Due to recent events in the past few months, American liberals had a moment of clarity when they realized that police unions act a whole lot like unions. In this shocking discovery, there was almost an anti-labor movement developing among those who typically endorsed all labor unions regardless of their individual worth or whether they provide a worthwhile product.
This lead to hilarious headlines such as “Police unions become target of labor activists who see them as blocking reform,” which is objectively funny, given that all unions, especially teachers unions, are far more guilty of blocking needed reform.
Another headline read, “Why do police unions talk and act like the Mafia? How can we stop them?” which seemingly ignored the fact that the International Brotherhood of Teamsters is most famous for being infiltrated by the mafia in New York.
Many of our checks and balances on private-sector unions exist today because the Teamsters UNDER Jimmy Hoffa were so thoroughly corrupt.
Even now, many unions are coming together in their call to defund the police and wish to distance themselves from the perceived wrongs of police officers unions.
Believe it or not, the problems aren’t just confined to one union. Whether it’s a police union, a teachers union or any other public employee union that blocks reform and tries to maintain the status quo, the issue is the way these unions use their political clout to influence decisions that have nothing to do with the well-being of their members.
If all these unions did was try to get a better wage for their employees, very few would actively call for their removal.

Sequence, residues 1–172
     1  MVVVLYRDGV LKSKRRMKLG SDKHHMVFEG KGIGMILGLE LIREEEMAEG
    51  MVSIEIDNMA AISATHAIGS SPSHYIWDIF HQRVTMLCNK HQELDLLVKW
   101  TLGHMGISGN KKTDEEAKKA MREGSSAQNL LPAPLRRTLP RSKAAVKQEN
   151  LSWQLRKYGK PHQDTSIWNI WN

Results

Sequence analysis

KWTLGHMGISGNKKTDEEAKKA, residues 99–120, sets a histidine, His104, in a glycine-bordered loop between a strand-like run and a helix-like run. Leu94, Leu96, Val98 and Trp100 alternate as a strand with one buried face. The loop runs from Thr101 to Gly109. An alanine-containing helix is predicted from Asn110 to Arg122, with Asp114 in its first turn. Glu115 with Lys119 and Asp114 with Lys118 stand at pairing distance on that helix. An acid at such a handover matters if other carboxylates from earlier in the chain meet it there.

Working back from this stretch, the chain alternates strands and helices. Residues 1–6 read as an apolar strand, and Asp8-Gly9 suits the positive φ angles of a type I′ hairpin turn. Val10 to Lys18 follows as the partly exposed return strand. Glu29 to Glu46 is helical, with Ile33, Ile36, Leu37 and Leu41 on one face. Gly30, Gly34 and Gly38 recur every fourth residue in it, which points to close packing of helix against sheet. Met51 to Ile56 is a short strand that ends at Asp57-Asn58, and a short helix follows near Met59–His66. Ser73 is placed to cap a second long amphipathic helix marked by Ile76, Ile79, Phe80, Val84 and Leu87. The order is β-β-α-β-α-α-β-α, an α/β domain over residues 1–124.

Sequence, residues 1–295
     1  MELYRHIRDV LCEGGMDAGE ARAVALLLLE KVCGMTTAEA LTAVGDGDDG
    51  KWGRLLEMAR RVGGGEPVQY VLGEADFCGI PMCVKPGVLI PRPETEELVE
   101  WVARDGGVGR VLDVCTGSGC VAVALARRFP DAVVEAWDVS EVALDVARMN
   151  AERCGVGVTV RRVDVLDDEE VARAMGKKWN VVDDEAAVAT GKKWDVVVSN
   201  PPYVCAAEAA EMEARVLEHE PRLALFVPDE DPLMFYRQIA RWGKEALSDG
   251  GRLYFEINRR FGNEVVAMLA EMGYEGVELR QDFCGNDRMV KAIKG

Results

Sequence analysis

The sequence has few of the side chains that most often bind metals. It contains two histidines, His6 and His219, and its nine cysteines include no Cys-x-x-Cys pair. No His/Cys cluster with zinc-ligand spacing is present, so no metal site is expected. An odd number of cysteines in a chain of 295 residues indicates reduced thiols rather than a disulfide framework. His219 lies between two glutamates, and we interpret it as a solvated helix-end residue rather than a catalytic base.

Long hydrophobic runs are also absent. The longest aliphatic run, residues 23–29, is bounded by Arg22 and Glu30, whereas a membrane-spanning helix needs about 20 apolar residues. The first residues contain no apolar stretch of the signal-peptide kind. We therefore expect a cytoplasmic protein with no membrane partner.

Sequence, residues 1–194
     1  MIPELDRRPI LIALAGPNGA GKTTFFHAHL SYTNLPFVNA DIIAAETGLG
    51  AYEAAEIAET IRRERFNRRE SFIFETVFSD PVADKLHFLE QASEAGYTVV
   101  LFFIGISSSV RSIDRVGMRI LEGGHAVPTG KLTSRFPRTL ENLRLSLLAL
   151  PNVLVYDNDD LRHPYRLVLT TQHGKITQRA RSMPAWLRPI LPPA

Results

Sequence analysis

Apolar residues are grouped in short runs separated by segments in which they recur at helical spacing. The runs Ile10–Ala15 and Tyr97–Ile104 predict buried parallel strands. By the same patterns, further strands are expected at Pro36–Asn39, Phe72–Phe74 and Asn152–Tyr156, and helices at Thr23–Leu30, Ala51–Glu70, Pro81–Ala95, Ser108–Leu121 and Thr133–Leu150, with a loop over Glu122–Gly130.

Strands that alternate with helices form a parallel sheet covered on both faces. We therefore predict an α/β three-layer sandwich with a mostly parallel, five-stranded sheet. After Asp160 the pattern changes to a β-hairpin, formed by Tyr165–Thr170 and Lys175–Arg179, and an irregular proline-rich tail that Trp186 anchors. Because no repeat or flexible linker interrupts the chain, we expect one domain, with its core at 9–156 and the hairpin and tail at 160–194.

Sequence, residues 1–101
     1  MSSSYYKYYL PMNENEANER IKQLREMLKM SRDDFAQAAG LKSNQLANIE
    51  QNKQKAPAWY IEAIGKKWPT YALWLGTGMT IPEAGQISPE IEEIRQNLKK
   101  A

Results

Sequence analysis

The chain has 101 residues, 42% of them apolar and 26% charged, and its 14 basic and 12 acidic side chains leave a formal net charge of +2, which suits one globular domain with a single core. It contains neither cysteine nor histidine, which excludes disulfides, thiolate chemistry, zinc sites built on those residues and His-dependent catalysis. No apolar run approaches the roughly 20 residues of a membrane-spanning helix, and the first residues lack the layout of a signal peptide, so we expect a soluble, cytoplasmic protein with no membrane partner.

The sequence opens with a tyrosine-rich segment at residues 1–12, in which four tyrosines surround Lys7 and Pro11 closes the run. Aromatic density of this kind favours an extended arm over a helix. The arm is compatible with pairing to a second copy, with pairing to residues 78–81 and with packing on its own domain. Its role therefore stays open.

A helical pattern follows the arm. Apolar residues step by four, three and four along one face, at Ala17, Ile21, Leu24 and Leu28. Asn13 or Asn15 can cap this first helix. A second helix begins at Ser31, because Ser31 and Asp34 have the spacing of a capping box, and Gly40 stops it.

In California, there have been several attempts to limit the outsized influence public employee unions have in political circles. In 1998, for example, Proposition 226 — dubbed the “paycheck protection” initiative — attempted to cease the practice of unions using dues dollars for political spending.
While the committee to enact the proposition raised $6.4 million, a coalition of labor groups raised more than $24.8 million, no doubt from their own members pockets, to make sure it never became law.
Again in 2005, Proposition 75 would have required permission to withhold union dues for political purposes. While those in favor raised nearly $5.8 million for the initiative, another coalition of labor groups raised $54.1 million to defeat it, which they did.
Outspending their opponents nearly 10 to 1, it was destined to fail. The California Teachers Association and SEIU raised more than $22.1 million alone to defeat it, with the California Democratic Party kicking in $3.2 million of its own to defend its largest funder.
Finally in 2012, Proposition 32 aimed to accomplish the same objective as its predecessors. This time, a coalition of labor unions and their supporters raised more than $73 million to defeat it. The California Teachers Association donated more than $21 million, while SEIU donated $13.4 million.
None of these propositions would have made it illegal for unions to spend money on politics, they would just have to ask their members for permission first. But when you have access to millions of dollars to influence California politics, why would you willingly give that up?
Ultimately, everything negative that has been said about police officers’ unions could be said about any public employee union in California.
Massive unions like SEIU and the California Teachers Association love spending their members’ money to tell others how to behave, but perhaps they should look in the mirror before pretending that they own the ideological high ground.